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Peru Travel, Peru Short Adventure 9 Days 8 nights
Lima - Cusco city tour and visit a: mayor square, the Cathedral, Koricancha; 4 local archeological sites: Sacsayhuamán, Quenco, Puca Pucara y Tambomachay - Sacred Valley village and Indian market of Pisac, Ollantaytambo fortress and Chinchero Market - Machu Picchu excursion, Inka trail 2/1 our hike from km 104, visit to Wiñayhuayna, Overnight in Aguas Calientes,Guide tour to the lost city of the inkas - Cusco, Horse Back Riding half day (Sacsayhuaman, Q´enko, Puca Pucara, and temple of Tambomachay) - Puerto Maldonado 3/2, Transfer and overnight to Wasai Lodge; Tambopata River And Macaws Travel up the Tambopata River for an hour, Observation of nature in Bahuaja-Sonene National Park, Observation of Macaws, Night excursion to search for caimans
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Peru Travel, Machu Picchu and The Titicaca Lake 9 Days 8 nights
Lima - Cusco city tour and visit a: mayor square, the Cathedral, Koricancha; 4 local archeological sites: Sacsayhuamán, Quenco, Puca Pucara - Sacred Valley, village and Indian market of Pisac, Ollantaytambo fortress and Chinchero Market - Machu Picchu excursión, Guide tour to the lost city of the inkas. Vistadome train service - Puno: visit the floating islands of Uros, Taquile island; Titicaca Sun Island full day.- Puno, Copacabana, Sun Island, Inti Wata Complex, Copacabana, Puno
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Peru Travel, Discovering Peru 25 Days 24 nights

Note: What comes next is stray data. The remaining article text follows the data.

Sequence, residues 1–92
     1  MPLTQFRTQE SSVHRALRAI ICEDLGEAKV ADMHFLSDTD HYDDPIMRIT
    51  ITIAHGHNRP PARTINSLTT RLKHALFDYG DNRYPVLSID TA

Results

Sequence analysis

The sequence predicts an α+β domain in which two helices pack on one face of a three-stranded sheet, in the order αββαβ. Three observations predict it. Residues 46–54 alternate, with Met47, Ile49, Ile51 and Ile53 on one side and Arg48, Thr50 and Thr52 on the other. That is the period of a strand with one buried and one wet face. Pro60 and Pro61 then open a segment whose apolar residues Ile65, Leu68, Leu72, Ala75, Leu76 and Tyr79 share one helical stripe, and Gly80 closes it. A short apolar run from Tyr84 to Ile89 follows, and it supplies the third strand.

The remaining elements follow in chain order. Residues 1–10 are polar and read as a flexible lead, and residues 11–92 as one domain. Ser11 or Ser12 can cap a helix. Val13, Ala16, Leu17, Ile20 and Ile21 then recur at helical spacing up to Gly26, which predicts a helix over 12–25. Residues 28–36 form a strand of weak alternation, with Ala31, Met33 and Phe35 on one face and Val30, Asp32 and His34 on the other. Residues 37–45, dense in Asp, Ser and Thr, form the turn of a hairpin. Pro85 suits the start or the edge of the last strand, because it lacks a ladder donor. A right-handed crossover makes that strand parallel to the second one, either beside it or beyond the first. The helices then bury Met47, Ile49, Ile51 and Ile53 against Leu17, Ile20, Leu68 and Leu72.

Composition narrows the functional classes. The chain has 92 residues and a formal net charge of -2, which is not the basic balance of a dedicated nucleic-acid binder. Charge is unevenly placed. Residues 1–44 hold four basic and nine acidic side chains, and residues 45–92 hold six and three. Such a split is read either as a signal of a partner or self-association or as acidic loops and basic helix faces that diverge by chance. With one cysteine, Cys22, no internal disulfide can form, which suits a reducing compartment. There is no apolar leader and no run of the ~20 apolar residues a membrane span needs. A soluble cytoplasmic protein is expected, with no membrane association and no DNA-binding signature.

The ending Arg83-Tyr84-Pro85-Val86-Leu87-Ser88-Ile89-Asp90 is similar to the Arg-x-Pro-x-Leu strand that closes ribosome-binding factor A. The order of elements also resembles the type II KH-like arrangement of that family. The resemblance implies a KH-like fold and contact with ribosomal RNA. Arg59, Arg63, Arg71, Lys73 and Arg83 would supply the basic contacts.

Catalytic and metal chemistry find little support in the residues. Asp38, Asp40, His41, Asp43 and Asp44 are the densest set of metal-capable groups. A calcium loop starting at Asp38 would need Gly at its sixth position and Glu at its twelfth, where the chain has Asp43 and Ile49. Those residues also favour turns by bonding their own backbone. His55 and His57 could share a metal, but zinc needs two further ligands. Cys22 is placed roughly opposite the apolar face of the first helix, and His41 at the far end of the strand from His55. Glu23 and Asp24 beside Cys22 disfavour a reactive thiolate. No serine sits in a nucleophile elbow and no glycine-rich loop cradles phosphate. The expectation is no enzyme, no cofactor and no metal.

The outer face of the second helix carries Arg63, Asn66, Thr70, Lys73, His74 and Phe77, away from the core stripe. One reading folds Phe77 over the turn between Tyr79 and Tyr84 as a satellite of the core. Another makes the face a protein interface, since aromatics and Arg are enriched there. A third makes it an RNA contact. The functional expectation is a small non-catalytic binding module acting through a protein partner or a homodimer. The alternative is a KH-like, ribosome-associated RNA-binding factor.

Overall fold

Lima city tour, Lima Downtown - Chiclayo, visit to Huaca Rajada, the Royal Tombs of Sipan Museum - Trujillo, travel by private car or bus, visit the Temples of the Sun and Moon, Trujillo city tour, royal palace complex of Chan Chan, visit to Huanchaco beach - Lima - Paracas - Nazca, excursion to the Ballestas islands, Transfer to Nazca by private transportation( 3 hours), Nazca Lines Overflight for half an hour visit to the Chauchilla cemetery - Arequipa city tour, Colca Canyon excursion, overnight in Colca Valley, Condor Cross - Cusco, city tour and visit a 4 local archeological sites - Sacred Valley - Machupicchu excursión , Guide tour to the lost city of the inkas, Overnight in Aguas Calientes - Cusco - Puno, visit the floating islands of Uros, Visit to Taquile island, Titicaca Sun Island full day -Lima - Iquitos, Explorama Lodge, Canopy Walkway - Lima
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Peru Travel, Short Combination, Lima, Nazca Lines, Cusco, Machu Picchu and Manu Cloud Forest 11 Days 10 nights
Lima - Nazca Lines Overflight for half an hour - Cusco, city tour - Sacred Valley village and Indian market of Pisac, Ollantaytambo fortress and Chinchero Market - Machu Picchu excursion, Inka trail 2/1 Overnight in Aguas Calientes, Guide tour to the lost city of the inkas, Horse Back Riding half day(Sacsayhuaman, Q´enko, Puca Pucara, and temple of Tambomachay) - Manu cloud forest 3/2 - Cusco - Lima
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Peru Travel, Incas Empire 14 Days 13 nights
Lima - Arequipa City Tour, private service, Colca Canyon 2d/1n, Condor Cross - Arequipa - Cusco, city tour - Sacred Valley - Machu Picchu excursión, Guide tour to the lost city of the inkas. Vistadome train service - Cusco - Puno, Uros and Taquile
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Peru Travel, Peru adventure Extensive 15 Days 14 nights